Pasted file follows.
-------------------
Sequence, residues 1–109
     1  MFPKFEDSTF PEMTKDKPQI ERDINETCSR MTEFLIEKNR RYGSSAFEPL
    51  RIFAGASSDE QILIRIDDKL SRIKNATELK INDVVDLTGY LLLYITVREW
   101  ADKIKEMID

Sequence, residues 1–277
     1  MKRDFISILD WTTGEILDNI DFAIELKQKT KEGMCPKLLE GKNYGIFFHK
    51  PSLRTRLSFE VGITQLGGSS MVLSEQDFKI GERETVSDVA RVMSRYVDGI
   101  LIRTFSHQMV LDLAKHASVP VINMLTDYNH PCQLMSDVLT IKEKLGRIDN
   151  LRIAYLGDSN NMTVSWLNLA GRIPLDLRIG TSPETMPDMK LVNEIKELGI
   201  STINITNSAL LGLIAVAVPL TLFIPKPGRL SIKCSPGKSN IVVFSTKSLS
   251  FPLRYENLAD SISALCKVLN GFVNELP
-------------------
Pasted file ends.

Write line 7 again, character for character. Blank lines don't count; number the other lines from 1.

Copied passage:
    51  PSLRTRLSFE VGITQLGGSS MVLSEQDFKI GERETVSDVA RVMSRYVDGI